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August 19, 2014 / Ciara Myers, Editor

Housing stock in D.C. leans heavily toward luxury

AFFORDABLE HOUSING
The rent in D.C. is high – a fact we all know to be true. As developers continue to build expensive new units marketed toward millennials and others with money to spend on fancy apartments in hip neighborhoods, this article examines some of the reasons why it’s so hard to build affordable units in the District. (WaPo, 8/19)

Economic forces in the city make it all too easy to supply housing for high-income urbanites, not the cheap kind that once was plentiful in D.C. What’s more, even the ways in which the city harnesses the taxes from those luxury buildings — by subsidizing developers who build units affordable to low-income people — hasn’t filled the gap.

The dynamic is affecting what the rich and poor pay in rent. The city’s stock of “class A” apartments, which have luxury amenities, expanded from about 8,500 units at the end of 2010 to nearly 14,500 by end of June, an increase of 71 percent, according to Delta Associates. More than 11,000 more are in the pipeline.

DISTRICT │ City officials recently cut the ribbon on the new RISE (an acronym for relate, innovate, stimulate, elevate) Demonstration Center at St. Elizabeths campus. The center will serve as a tech hub where members of the community can take classes in an effort to bolster economic opportunities. (WaPo, 8/13)

ARTS │ From September through December, areas of all eight wards in D.C. will be transformed into public art displays through a project of the DC Commission on the Arts and Humanities called “5×5.” The temporary exhibits will highlight issues in global policy and urbanization. (Elevation DC, 8/19)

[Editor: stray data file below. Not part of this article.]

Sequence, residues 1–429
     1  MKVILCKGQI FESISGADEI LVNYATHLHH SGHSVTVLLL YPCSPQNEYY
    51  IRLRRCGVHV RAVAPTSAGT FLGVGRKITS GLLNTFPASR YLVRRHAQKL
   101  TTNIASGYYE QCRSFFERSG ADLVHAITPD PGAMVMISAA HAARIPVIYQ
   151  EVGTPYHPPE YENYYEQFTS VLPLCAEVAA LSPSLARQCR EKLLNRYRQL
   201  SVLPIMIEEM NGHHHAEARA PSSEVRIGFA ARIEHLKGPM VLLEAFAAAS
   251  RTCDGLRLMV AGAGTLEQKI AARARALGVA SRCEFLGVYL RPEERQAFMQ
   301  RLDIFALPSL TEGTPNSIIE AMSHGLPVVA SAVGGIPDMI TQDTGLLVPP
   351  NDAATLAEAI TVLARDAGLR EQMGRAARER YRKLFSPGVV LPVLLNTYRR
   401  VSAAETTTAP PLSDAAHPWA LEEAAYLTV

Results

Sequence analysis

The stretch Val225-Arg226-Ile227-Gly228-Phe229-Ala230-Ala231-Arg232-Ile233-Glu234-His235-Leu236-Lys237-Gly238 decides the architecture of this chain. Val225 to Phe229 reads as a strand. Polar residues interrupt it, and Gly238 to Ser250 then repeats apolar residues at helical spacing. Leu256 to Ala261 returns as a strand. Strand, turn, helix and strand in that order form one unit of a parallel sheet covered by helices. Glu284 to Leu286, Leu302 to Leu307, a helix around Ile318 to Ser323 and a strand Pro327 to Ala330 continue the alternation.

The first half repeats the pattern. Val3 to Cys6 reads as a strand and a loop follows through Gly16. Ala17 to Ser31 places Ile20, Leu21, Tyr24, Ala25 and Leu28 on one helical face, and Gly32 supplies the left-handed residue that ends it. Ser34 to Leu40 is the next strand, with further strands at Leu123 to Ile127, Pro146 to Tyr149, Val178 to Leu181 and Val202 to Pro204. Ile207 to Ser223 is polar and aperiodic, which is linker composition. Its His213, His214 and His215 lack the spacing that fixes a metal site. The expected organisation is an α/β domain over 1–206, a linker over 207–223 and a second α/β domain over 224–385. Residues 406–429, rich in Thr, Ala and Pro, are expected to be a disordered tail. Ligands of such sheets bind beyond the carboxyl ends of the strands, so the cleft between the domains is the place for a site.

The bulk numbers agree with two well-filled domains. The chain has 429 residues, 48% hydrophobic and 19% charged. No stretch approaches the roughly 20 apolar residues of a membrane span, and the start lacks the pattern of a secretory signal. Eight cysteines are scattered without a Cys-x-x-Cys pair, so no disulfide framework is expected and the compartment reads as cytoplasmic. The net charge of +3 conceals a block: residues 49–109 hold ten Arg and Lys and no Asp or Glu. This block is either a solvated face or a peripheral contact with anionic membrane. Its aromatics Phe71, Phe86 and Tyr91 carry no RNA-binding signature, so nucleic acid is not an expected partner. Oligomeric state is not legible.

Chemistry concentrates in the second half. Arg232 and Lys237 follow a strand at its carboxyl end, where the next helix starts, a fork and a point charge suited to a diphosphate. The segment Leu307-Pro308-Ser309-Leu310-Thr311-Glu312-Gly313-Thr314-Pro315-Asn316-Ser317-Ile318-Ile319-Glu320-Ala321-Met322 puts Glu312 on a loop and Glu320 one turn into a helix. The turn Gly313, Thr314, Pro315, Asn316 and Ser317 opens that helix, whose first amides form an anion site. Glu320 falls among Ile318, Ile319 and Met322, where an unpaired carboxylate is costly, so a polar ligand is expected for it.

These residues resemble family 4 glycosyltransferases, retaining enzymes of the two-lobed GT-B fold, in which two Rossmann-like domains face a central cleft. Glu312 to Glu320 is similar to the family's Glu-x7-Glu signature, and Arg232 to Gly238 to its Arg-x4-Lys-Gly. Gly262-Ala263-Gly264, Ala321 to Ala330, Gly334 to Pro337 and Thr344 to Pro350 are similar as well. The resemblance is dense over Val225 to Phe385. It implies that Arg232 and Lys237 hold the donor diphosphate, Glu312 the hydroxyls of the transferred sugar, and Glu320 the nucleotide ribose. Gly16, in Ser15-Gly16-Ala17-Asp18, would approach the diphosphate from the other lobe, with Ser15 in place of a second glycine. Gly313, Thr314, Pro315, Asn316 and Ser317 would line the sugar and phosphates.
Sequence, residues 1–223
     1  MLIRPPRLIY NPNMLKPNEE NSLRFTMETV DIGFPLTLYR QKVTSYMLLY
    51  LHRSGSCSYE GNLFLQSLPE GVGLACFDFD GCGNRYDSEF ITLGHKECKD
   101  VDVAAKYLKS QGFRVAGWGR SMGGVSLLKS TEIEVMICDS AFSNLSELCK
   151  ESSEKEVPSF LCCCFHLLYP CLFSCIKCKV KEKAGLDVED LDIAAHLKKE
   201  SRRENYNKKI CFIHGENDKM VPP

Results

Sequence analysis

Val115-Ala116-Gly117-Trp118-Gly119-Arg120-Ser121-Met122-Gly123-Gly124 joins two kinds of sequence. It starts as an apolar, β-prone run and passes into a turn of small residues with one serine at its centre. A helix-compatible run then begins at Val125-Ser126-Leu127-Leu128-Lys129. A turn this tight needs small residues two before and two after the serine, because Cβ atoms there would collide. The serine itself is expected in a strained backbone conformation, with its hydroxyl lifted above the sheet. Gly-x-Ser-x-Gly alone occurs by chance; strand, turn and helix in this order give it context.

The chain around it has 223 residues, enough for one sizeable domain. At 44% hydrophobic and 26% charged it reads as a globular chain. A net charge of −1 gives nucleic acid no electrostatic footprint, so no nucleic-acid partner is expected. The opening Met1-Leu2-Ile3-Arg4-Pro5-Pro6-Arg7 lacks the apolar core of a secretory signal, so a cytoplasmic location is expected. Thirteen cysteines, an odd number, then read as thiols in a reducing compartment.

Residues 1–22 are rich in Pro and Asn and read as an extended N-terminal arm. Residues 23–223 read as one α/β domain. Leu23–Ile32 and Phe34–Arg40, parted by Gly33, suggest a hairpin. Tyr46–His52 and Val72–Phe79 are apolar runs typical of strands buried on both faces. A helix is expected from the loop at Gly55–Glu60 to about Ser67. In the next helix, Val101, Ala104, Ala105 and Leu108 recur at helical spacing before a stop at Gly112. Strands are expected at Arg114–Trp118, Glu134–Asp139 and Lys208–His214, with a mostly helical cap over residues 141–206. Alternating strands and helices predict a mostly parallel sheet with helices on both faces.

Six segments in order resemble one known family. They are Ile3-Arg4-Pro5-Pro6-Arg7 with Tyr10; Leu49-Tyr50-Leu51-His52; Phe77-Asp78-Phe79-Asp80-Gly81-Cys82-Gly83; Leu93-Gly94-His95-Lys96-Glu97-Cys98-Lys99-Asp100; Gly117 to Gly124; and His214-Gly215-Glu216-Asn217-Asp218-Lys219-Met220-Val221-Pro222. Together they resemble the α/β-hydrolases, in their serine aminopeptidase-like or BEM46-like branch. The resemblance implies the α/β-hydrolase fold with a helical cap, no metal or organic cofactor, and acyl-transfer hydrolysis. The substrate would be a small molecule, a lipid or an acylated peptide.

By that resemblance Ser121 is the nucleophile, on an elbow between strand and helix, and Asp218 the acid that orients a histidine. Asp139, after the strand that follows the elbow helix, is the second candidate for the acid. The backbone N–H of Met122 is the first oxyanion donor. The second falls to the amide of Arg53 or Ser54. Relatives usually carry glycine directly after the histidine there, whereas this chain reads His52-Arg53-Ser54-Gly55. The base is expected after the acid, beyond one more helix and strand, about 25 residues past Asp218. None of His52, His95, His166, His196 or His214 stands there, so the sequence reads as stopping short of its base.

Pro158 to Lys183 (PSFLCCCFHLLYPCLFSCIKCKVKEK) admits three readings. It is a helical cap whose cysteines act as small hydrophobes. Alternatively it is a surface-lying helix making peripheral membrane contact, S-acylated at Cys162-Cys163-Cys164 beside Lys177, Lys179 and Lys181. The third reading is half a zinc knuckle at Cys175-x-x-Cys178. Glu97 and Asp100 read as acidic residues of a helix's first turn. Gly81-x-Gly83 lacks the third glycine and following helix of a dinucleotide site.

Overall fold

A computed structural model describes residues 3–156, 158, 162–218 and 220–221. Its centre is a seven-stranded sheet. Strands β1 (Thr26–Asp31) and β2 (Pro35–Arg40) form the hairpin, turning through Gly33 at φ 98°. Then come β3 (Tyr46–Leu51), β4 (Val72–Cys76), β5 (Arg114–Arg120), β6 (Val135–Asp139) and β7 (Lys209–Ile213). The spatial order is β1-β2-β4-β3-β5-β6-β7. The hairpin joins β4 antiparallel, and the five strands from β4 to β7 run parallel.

Related: The arts and humanities are an engine for economic growth and community development. They are tools for education and youth development, and they are a vehicle for social justice and advocacy. The evidence of this in our region is everywhere. On Wednesday, September 10th at 9:30 AM, join WRAG to hear from Rachel Goslins, head of the President’s Committee on the Arts and the Humanities, about why the arts are a tool with the power to transform individual lives, neighborhoods, and communities as part of our Brightest Minds series.

PHILANTHROPY  │ A Philanthropist’s Guide to Working With Government and Local Communities (Bridgespan Group, 8/18)

COMMUNITY 
│ On Friday, October 24th at 9 AM, Progressive Communicators of Washington, D.C. (PCDC) is hosting a free “communications for nonprofits” clinic for organizations serving the local DC/MD/VA communities. PCDC is a volunteer professional development and networking group of communications experts who are committed to progressive causes and organizations.

AGING │ 36% of adults lack retirement savings, including many 65 or older (LA Times, 8/18)

ECONOMY Map: How much $100 is really worth in every state (WaPo, 8/18)


People in D.C. are a lot more honest than they were last year.

-Ciara

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